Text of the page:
What are the clinical signs of FIV infection?

FIV often leads to diseases via immunosuppression – the typical; immune responses of the cat are compromised, leading to an higher susceptibility to other diseases and infections. There are no particular signs associated with FIV, but in most cases, cats infected will show recurrent bouts of diseases or infections that slowly get worse given time, and infections may not respond to treatment when administered to normal healthy felines.

Some of the most common signs seen in FIV infected cats are:

  • Weight loss
  • Recurrent fever
  • Chronic or recurrent respiratory, ocular and intestinal disease
  • Chronic skin disease
  • Neurological disease (in some cats the virus can affect the brain)
  • Lethargy
  • Enlarged lymph nodes
  • Gingivitis and stomatitis (inflammation of the gums and mouth)

Other disease like neoplasia may happen and other infectious agents may be more problematic in FIV infected cats (like haemoplasma infections, toxoplasmosis, feline infectious peritonitis, etc.).

How Is Fiv Diagnosed?

The tests available for diagnosing FOV infection is many, some of which can be easily carried out in your own vet’s clinic. Several tests involve the collection of blood sample and detecting the presence of antibodies against the virus (typically there is not enough virus in the blood itself to be able to readily detect it).

The cat immune system produces antibodies against FIV during infection, and the test works on the principle that cats cannot destroy the virus so if antibodies are present in the blood then the virus will also be evident. These tests are highly reliable in general, but no test is 100% accurate. If there is any doubt about the validity of the test result, your vet may want to use a different method (such as a different test kit, or sending blood to a laboratory to check for antibodies using a more sophisticated assay such as ‘western blotting’ or to look for virus using a molecular test such as PCR) to perform a follow-up confirmatory test.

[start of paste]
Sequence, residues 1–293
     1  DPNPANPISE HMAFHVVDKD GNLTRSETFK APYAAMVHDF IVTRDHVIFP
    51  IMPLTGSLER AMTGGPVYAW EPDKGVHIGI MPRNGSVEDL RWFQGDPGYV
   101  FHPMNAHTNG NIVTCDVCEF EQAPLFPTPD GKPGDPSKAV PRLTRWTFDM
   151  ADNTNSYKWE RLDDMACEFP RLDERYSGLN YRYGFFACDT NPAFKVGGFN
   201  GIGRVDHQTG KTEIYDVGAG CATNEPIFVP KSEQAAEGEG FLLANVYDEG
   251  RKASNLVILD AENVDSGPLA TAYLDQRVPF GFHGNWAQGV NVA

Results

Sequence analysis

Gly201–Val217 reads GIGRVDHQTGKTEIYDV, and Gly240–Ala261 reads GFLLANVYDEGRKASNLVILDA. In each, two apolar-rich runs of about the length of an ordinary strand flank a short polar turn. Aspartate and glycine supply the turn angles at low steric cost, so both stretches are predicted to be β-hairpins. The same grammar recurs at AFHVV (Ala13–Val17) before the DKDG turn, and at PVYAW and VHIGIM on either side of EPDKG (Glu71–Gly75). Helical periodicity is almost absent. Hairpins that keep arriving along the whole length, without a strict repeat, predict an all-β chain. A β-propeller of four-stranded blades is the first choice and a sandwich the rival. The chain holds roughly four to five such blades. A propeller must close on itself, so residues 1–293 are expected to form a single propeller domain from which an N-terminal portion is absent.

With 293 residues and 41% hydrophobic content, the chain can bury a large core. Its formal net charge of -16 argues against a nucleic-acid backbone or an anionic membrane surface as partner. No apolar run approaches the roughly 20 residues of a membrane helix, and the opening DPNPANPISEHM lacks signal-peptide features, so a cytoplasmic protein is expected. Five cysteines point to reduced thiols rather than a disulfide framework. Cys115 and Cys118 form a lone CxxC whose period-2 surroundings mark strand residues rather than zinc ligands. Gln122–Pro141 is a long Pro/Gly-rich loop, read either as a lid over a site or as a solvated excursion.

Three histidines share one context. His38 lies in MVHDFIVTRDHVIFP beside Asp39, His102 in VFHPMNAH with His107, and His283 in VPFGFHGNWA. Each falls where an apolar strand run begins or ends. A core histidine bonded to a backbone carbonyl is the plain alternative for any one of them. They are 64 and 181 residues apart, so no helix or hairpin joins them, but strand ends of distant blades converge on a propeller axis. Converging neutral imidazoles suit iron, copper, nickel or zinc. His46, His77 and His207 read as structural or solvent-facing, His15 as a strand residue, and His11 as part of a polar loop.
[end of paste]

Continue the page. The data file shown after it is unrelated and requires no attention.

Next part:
It is super vital to remember that kittens born to FIV-infected queens will receive antibodies from their mother through breast milk, and so will test positive early in life though they may not be infected. Cat babies with a positive-tested result should always be retested when they are 5-6 months of age. Plus, in countries where the FIV vaccine is available (check below), cats that have already been vaccinated will also test positive on the routine antibody tests, so alternatives (such as a PCR test) are needed.

Management Options

A lot of FIV infected cats can live happily with the virus for a long period of time, and indeed the virus will not necessarily ever result in clinical disease.

Whether disease develops depends on a lot of factors including the strain of FIV a cat is infected with, the cat’s immune response and the absence or presence of other infectious agents.

In one study, FIV-infected cats are discovered to survive just under 5 years on average (from the time their disease was diagnosed) compared with about 6 years for a similar group of non-infected cats.

The primary aims of managing an FIV-infection are to prevent more infection from spreading to other cats and to maintain a healthy and good quality of life for the infected cats. Some antiviral medications used in human patients with HIV infection have also been shown to help some FIV-infected cats.

Supportive and general treatment should involve:

  • Neutering all cats infected with FIV to beat-down the risk of fighting and spreading infection
  • Providing and maintaining good quality nutrition – using a good commercial food and avoiding eggs, raw meat and unpasteurised dairy products helps reduce the risk of exposure to bacteria and parasites that might cause disease.
  • It is advisable that veterinary health check be done at least twice a year – your vet may recommend certain blood tests on occasion to monitor your cat’s health.
  • Where possible, confine FIV-positive cats indoors, and keep them away from non-infected cat. This helps stop the infection from spreading to other cats, and reduces exposure of the FIV-infected cat to other infectious agents. Alternatively, create a cat-proof enclosure to allow your cat some access to the outdoors without having encounters with other cats.
  • Maintaining good routine preventive healthcare (regular worm and flea control, routine vaccinations etc.)